After serving for nearly four decades as a member of Parliament, New Democrat Stanley Knowles has come to be known as the “conscience of the House of Commons.” The 75-year-old MP is famous both as a dogged campaigner on behalf of the elderly, the poor and the unemployed and for his encyclopedic knowledge of parliamentary rules. During his long career Knowles three times rejected moves to make him Speaker of the Commons and he contemptuously dismissed offers of a Senate seat. After suffering a stroke in 1981, Knowles announced that he would not run in the next election. But Knowles will always have a job in the Commons. Last week Parliament, at the request of Prime Minister Trudeau, unanimously made the former United Church minister an honorary officer of the House with a seat permanently available for him at the Clerk’s table. Obviously moved by the gesture, Knowles violated the Commons’ rules, which forbid MPs from using names in the chamber (the “Honorable Member” or “Right Honorable Member” are the terms used), by calling Trudeau by name. “Pierre, Pierre,” said Knowles, “I want to thank you so much. You have given me a chance to live.”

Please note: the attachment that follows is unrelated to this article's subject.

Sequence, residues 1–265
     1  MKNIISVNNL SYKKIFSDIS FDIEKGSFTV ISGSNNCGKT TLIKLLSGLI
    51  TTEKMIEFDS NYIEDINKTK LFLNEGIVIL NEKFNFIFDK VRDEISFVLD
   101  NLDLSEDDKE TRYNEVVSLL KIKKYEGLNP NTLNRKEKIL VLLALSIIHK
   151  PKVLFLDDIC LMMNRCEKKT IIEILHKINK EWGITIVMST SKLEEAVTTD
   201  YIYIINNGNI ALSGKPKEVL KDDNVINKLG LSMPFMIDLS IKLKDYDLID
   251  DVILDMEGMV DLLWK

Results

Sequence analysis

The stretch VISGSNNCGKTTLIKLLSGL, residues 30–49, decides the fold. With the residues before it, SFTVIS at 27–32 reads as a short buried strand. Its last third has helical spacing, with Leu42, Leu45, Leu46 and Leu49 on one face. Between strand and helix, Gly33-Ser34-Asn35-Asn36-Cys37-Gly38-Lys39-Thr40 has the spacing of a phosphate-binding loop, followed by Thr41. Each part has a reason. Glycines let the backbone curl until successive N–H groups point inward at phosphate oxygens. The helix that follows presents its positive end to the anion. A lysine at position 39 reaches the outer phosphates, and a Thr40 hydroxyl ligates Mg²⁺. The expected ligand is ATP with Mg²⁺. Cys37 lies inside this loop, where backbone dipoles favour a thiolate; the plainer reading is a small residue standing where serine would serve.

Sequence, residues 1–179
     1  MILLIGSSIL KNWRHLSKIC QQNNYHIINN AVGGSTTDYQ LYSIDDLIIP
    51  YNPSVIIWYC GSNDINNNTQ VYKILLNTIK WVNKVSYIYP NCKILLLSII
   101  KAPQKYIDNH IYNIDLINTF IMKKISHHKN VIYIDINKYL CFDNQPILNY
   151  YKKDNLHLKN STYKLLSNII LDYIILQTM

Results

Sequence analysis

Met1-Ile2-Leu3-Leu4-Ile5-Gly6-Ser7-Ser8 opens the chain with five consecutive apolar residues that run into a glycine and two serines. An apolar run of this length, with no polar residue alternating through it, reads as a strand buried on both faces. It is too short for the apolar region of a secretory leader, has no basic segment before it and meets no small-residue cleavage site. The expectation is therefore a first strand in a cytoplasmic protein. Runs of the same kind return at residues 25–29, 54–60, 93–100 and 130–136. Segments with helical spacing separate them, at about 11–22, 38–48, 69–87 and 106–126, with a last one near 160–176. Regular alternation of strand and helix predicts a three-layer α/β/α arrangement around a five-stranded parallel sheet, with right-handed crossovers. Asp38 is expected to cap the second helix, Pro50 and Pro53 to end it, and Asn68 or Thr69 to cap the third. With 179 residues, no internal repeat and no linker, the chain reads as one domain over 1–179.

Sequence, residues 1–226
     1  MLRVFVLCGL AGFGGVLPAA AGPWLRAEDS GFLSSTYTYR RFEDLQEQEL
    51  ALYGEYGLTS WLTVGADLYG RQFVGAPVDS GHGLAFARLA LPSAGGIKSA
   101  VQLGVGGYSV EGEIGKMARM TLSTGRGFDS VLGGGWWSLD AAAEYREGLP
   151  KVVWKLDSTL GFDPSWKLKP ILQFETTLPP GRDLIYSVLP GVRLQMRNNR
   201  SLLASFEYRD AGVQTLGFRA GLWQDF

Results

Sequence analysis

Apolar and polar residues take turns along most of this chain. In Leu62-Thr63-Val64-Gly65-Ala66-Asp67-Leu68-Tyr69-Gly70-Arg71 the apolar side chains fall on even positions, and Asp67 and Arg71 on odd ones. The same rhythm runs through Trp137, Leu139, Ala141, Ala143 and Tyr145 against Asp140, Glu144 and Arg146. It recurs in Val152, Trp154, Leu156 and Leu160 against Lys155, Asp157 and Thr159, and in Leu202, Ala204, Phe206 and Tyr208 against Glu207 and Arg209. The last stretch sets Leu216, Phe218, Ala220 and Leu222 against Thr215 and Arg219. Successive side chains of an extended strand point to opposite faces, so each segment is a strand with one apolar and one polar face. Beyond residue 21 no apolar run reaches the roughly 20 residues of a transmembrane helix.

Born in Los Angeles of Canadian parents, Knowles moved to Canada when he was 16 and obtained a divinity degree at Manitoba’s Brandon College, where T.C. (Tommy) Douglas, the future premier of Saskatchewan and later national leader of the NDP, was also a student. In 1942 Knowles won the riding of Winnipeg North Centre for the Cooperative Commonwealth Federation, the forerunner of the NDP, and he has held the seat in all but one election—the 1958 Diefenbaker sweep. In Parliament Knowles’s persistent efforts helped to bring about improved old age pensions. “I have tried to make life a little easier for older people than it used to be,” said Knowles last week. “That has been the thing that I worked hardest on and that I am most pleased about.”
The position of honorary officer of the Commons has been awarded in Canada to retiring Clerks of the House— but never to a sitting member of Parliament. And Knowles clearly intends to continue to be useful when Parliament resumes after the next election. “Even if I cannot stand up and make speeches in Parliament, I can sit there and listen to the MPs and know what they are doing,” said Knowles. “I hope that by talking to people, I can make them work harder still.” He has already set the standard.
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